Three months ago, the first Evolution Meet was held at card shop Dragoon Hakata. As one of the first large-scale unofficial tournaments for the Digimon Card Game, the Evolution Meet has been foundational to the TCG’s competitive scene, and its latest incarnation takes the form of a team tournament on September 20th. In partnership with the Evolution tournament series’ host, the tournament management is now organizing an even larger-scale tournament, the D-1 Championship.

Subtitled “~Mid-Autumn Pico Devi’s Fall Battle~” and known informally as the “Pico Devi Cup” (ピコデビ杯) the D-1 is intended to elevate the Digimon TCG to a higher level of competition. The tournament’s name comes from the D-1 Grand Prix, a line of official virtual pet and Hyper Colosseum TCG tournaments Bandai organized between 1996 and 2007. The legacy of the D-1 in Japan is immense, forming a unique part of Japanese Digimon nostalgia. The D-1’s cast of characters, like tournament hosts Digimonkey, Volcano Oota, and Tailmon-Betsu, have both been immortalized as official Digimon and recreated at Japanese fan events. The DIGIMADO fan organization held its own “De-1” tournament in 2013, while Bandai did their own revival of the D-1 as an online tournament for the 20th anniversary virtual pets, and the D-1 CS is likewise made in the Grand Prix’s image.

First place will win a carton of 12 boxes of Booster Set 3: UNION IMPACT. (Value of 57,024 yen, approximately $537.) UNION IMPACT launches October 30th, so the tournament champion will not receive their prize until roughly a month after the D-1 ends.

The 3rd Evolution CS, held on July 31st, used special rules that divided its 19 participants into two teams, each earning points for the collective team’s win rather than for the individual players.

While players can apply to enter the D-1 CS normally, priority is given to the winning team at the 4th Evolution Meet on September 20th, and to the winners of the four D-1 qualifiers held at Dragoon Hakata on August 16th, 23rd, 30th, and September 6th. The winners of these tournaments are not seeded normally into the D-1, but are “super-seeded”—a practice in Japanese tournament procedure where the winner of a previous tournament is entered directly into the top cut bracket, without having to participate in the preliminary rounds. (Super-seeding also occurs in Japanese soccer and the Koushien baseball tournaments.)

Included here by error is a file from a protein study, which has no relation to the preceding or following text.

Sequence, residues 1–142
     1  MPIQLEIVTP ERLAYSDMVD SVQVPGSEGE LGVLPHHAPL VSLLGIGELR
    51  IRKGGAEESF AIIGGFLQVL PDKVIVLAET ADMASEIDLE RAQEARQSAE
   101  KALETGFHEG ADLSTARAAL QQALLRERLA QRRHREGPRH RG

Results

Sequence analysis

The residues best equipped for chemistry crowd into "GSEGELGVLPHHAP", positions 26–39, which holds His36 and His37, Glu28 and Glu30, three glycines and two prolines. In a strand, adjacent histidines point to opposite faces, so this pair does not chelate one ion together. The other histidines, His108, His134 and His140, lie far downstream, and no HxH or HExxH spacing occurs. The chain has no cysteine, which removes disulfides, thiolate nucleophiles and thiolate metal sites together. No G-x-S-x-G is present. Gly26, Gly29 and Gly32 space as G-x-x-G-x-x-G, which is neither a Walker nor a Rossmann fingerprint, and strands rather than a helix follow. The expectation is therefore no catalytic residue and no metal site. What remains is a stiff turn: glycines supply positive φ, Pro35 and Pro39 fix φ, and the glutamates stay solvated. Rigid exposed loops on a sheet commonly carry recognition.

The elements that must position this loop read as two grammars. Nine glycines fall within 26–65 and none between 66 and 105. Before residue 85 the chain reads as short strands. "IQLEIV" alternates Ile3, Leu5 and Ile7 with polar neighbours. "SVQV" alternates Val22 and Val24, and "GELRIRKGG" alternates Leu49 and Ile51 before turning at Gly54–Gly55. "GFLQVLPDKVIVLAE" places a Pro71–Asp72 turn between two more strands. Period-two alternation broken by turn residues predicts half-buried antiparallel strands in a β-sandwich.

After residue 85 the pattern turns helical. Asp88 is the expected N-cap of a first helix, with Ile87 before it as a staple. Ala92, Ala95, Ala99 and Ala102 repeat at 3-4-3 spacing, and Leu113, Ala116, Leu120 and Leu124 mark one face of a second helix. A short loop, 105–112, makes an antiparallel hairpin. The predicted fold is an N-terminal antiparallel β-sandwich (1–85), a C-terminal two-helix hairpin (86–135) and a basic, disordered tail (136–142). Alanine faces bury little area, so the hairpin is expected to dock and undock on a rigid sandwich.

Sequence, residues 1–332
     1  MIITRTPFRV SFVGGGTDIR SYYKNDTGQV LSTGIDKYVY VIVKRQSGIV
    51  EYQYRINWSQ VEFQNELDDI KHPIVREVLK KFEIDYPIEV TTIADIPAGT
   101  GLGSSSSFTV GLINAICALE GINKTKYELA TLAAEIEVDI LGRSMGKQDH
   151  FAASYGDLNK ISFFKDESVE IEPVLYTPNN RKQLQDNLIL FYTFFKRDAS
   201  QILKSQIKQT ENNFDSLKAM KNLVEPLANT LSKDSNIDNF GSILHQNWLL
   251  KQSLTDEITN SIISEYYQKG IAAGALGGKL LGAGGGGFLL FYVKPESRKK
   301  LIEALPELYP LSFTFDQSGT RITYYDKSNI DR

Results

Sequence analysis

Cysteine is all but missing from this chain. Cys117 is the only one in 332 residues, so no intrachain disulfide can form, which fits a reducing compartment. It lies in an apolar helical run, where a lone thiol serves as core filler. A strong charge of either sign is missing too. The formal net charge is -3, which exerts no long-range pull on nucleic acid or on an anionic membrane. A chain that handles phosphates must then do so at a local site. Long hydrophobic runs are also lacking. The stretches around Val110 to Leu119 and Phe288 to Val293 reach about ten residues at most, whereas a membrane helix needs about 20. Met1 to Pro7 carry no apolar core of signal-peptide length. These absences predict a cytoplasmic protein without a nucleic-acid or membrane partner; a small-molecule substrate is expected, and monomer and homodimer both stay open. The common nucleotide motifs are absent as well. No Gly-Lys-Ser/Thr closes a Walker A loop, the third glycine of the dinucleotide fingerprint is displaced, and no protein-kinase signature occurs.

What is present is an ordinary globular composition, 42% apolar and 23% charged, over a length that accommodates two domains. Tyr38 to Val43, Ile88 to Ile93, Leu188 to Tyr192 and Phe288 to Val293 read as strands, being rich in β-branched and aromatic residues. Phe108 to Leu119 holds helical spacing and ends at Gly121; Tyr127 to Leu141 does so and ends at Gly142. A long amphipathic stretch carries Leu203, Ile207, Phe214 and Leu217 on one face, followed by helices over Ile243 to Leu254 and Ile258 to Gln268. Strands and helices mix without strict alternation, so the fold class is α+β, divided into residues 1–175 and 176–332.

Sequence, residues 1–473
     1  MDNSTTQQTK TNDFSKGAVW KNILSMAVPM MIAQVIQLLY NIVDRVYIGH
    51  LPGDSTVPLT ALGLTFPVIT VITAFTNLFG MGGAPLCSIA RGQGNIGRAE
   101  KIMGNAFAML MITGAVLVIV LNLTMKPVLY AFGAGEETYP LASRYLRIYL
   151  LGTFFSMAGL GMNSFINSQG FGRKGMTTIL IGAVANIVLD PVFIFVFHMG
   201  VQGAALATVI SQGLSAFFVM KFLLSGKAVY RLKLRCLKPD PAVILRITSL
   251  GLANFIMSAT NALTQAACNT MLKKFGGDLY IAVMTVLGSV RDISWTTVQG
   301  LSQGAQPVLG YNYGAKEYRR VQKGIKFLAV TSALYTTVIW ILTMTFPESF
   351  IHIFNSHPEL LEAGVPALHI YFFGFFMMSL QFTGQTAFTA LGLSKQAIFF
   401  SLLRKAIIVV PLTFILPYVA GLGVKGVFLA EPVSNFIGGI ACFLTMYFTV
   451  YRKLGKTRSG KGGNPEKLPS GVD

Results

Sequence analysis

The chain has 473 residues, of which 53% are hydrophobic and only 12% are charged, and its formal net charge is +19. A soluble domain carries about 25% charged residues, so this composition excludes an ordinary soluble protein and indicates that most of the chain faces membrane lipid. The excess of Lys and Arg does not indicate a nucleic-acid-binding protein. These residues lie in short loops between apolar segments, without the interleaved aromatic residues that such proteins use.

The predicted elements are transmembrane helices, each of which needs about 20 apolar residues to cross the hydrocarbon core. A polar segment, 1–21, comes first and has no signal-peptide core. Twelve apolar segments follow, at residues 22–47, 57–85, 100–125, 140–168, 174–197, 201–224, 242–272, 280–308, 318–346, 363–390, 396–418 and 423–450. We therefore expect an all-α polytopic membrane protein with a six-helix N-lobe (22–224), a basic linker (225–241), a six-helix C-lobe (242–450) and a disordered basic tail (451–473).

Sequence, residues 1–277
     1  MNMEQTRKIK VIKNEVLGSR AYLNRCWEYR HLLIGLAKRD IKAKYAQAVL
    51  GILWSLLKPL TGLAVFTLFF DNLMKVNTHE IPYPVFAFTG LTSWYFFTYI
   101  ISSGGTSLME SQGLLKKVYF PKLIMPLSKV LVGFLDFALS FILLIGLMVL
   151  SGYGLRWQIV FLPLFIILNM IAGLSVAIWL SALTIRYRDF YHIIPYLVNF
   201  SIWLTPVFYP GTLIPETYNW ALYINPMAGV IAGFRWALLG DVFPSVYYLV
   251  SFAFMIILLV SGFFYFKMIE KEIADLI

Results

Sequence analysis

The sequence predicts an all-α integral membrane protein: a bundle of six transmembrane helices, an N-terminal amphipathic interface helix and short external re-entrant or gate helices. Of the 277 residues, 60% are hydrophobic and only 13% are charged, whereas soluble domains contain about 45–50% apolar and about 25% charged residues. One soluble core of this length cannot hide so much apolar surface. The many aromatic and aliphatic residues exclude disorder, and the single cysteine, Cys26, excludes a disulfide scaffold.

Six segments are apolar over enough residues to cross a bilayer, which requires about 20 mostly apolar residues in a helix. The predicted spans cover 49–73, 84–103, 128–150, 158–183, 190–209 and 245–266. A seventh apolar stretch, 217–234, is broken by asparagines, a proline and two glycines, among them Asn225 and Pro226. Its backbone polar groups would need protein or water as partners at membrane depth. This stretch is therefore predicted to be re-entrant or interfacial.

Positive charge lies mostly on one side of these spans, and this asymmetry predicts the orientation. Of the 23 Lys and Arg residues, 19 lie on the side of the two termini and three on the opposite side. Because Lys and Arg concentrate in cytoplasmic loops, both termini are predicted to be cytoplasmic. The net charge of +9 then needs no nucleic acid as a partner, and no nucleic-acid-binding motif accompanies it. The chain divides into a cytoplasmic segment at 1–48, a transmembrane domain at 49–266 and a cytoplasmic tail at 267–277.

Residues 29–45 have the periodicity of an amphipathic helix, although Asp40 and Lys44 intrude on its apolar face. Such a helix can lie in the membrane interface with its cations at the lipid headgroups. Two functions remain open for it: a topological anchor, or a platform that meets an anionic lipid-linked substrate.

The D-1 Championship will take place on September 27th, with a projected tournament size of 48 participants. Every player will be charged a 1500 yen entry fee, which will go towards providing the prizes and paying the host for use of the space. Participants are required to bring their own decks, ballpoint pens, 6-sided die, face masks, and Memory Gauges.

The tournament will commence at noon Japanese time on the 27th, with the first round beginning at 1:00 PM. There will be five 25-minute best-of-one rounds of Swiss pairings, in which players of similar win-loss records are paired against each other, before the finalists are announced at 3:45 PM and put into a tournament bracket. After a brief period to clean and disinfect the store, round 1 of the top cut will take place at 4:30 PM, with grand finals and the match for third place beginning at 6:00. Awards will be given out at 7 PM.

Players will be expected to complete each turn in 2 minutes. If no winner is decided at the time limit for a round, players will roll their die and the highest roller will win. For the tournament finals, time-out will instead allot extra turns to the players to decide the game. The turn player will be “turn 0” and play will continue until three turns have passed; if no player wins within those turns, the one with the most cards remaining in deck will win.

Grand finals and the match to decide third place will be best-of-three games, one hour each. If time is reached during game 2, the winner of game 1 wins; if time runs out in game 3, extra turns are allotted, and if no winner is decided in those turns, the one with the most cards in deck will win the tournament.

The D-1 qualifiers up to now have been won by Akkii with a Blue Omegamon deck, Nagoshi with a Red Omegamon deck, and Rakunin with a Blue Vikemon-Omegamon deck. The fourth qualifier is set to take place in just a few days’ time, on September 6th, with the 4th Evolution Meet on the 20th being the absolute last chance to get a super-seed spot—the winning 3-player team will all qualify.

Akkii’s 1st-place deck
Nagoshi’s 1st-place deck
Rakunin’s 1st-place deck